If you’re going (or have gone) abroad in the fall semester, let the Study Abroad Office know how your foreign institution celebrates this spooky good time!
Guest Blogger: Matt Boyce, Program Assistant at the Illinois Study Abroad Office
Try to imagine yourself in five years… Maybe you’re working on completing a graduate degree; maybe you’re working a desk job in a office building; or maybe you’re volunteering for a cause that you care about. Regardless of what the future holds for you, you are out to dinner and traveling comes up in conversation, so naturally you talk about the AMAZING study abroad experience you had in college. When suddenly you realize something, all of those amazing memories that were once crystal clear are now a little fuzzy in your head.
Though some memories will stick with you forever, there are other details that might fade with time. What was that cute foreigner’s name you randomly had dinner with in Brussels? What was the name of that holiday that you celebrated in Tokyo that you had never heard of before? What was the name of that awesome beach you found on your weekend trip in Costa Rica? And if you’re anything like me – a detail oriented individual who probably drinks too much coffee and has an unnatural desire to get things right – this can drive you crazy.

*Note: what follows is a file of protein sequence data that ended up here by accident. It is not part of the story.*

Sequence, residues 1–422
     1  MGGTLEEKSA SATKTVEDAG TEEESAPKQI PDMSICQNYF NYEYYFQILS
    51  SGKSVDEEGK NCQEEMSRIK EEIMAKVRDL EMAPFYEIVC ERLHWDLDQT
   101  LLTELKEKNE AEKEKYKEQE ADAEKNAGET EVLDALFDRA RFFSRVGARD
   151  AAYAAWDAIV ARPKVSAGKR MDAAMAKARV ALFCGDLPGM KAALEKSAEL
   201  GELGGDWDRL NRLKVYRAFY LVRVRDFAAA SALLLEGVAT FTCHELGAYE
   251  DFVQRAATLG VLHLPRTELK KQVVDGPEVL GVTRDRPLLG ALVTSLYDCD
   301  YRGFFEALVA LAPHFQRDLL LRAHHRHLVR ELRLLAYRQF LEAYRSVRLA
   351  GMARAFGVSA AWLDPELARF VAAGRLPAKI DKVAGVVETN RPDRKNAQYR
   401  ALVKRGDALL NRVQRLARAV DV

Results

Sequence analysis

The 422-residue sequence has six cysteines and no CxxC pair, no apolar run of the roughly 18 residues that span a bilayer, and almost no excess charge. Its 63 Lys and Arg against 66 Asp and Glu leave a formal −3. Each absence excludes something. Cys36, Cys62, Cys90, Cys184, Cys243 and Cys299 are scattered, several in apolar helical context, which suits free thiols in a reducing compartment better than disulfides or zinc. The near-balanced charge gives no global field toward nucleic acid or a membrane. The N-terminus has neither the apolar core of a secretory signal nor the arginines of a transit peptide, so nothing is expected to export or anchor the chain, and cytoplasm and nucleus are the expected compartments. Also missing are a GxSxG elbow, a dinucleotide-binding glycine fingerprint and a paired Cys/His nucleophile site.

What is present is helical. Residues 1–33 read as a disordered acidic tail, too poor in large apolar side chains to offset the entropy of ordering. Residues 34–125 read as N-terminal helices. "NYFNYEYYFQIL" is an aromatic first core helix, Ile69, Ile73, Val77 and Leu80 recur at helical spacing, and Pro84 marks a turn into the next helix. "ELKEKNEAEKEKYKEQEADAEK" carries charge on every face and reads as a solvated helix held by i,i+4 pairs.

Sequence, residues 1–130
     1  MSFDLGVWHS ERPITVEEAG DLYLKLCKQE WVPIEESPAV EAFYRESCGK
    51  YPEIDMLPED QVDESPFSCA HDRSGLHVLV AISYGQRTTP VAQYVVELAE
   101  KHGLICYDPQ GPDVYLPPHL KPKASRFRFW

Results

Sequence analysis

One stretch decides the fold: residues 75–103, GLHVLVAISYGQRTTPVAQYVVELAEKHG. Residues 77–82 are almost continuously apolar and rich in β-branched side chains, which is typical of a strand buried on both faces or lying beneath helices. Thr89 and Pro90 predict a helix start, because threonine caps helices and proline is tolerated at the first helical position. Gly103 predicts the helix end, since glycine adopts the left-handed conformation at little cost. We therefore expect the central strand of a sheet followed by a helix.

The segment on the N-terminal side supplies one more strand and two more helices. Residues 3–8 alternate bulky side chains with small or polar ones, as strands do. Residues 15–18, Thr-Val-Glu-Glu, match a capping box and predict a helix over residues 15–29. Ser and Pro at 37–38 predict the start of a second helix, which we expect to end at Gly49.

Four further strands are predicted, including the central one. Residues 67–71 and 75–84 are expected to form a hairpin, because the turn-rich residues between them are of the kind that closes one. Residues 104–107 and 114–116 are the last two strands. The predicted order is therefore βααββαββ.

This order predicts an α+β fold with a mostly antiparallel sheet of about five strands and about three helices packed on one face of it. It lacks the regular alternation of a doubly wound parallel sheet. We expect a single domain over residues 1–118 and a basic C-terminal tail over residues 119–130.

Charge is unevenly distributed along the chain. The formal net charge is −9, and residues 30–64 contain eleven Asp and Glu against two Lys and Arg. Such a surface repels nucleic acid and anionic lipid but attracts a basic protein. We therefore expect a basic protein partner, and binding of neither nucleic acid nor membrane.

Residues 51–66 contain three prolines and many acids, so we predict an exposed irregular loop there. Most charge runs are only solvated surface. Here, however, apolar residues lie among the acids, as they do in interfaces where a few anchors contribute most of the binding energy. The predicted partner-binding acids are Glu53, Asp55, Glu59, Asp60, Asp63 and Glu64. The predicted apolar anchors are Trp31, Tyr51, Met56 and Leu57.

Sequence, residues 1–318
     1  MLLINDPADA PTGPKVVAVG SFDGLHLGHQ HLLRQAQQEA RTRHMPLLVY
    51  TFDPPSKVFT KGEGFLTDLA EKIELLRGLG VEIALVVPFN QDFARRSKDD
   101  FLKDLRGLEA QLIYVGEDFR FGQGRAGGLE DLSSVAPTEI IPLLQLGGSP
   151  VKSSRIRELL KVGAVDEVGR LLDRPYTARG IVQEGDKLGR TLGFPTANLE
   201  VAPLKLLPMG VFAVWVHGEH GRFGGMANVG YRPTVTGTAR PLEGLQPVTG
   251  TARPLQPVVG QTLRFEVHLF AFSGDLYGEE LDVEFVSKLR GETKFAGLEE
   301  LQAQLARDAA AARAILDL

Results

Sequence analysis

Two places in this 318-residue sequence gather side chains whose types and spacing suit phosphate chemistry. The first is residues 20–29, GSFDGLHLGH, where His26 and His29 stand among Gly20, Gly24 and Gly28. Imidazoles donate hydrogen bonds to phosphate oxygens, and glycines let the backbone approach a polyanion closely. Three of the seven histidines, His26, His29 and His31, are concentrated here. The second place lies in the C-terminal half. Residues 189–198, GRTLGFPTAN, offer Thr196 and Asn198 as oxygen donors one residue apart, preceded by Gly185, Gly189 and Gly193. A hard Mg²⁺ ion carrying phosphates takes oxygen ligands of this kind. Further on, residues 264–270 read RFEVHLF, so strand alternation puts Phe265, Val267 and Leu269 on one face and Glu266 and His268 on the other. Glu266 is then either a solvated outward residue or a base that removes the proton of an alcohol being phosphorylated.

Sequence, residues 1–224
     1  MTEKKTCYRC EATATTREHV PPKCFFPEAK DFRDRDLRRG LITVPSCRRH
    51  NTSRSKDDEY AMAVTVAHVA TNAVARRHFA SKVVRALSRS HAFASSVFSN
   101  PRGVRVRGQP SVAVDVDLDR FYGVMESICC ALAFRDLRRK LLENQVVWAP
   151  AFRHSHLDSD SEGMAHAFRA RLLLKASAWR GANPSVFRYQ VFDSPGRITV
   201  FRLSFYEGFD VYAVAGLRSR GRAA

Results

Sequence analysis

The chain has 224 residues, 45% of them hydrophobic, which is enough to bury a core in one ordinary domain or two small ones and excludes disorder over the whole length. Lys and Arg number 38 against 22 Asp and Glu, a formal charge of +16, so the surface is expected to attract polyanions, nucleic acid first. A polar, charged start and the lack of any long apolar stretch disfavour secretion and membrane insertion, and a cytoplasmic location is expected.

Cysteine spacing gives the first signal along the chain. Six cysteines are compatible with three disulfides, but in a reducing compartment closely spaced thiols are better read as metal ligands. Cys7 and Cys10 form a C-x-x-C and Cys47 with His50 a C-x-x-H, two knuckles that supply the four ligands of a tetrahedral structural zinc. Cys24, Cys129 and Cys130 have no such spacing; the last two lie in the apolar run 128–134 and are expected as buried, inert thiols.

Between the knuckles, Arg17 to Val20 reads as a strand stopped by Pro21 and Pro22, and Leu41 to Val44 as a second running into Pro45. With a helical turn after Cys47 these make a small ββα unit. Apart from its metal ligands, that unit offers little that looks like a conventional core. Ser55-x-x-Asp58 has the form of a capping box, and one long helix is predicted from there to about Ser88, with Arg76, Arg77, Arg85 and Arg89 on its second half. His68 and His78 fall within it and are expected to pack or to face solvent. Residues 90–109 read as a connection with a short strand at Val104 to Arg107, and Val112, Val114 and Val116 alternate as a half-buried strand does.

Fortunately, as I learned, there are many easy ways to curate your time abroad making it easier to remember your experiences. Here’s a short list of simple ways you can undertake to keep your memories organized and alive long after you’re back home:
Blog or Journal
If you are blessed with a skilled pen, use it! You may remember small details of your weekend trip to Florence a month later, but in a year, the name of that awesome hole in the wall restaurant where you had a steak the size of your head (Buca dell’ Orafo in case anyone is wondering.. I would HIGHLY recommend it) might elude you. Whether it be in a personal journal or a study abroad blog, write it all down when it’s fresh in your head. Everything. Like, every last detail. It will help make your stories more interesting, your memories more fond, and the smiles that are a result that much bigger. It is worth the extra time and if anything else it gives you an excuse to sit at a cafe and soak in the culture and environment while probably enjoying something delicious.